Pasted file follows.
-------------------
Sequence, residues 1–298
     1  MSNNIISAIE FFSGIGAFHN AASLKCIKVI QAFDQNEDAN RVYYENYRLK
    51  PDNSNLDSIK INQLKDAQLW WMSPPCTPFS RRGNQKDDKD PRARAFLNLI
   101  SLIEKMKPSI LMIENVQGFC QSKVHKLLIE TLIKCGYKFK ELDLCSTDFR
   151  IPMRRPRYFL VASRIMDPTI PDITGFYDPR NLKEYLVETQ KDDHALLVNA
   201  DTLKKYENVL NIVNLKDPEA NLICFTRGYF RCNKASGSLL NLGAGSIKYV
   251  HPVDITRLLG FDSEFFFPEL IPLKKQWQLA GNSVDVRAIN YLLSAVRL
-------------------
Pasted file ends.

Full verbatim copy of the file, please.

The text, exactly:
Sequence, residues 1–298
     1  MSNNIISAIE FFSGIGAFHN AASLKCIKVI QAFDQNEDAN RVYYENYRLK
    51  PDNSNLDSIK INQLKDAQLW WMSPPCTPFS RRGNQKDDKD PRARAFLNLI
   101  SLIEKMKPSI LMIENVQGFC QSKVHKLLIE TLIKCGYKFK ELDLCSTDFR
   151  IPMRRPRYFL VASRIMDPTI PDITGFYDPR NLKEYLVETQ KDDHALLVNA
   201  DTLKKYENVL NIVNLKDPEA NLICFTRGYF RCNKASGSLL NLGAGSIKYV
   251  HPVDITRLLG FDSEFFFPEL IPLKKQWQLA GNSVDVRAIN YLLSAVRL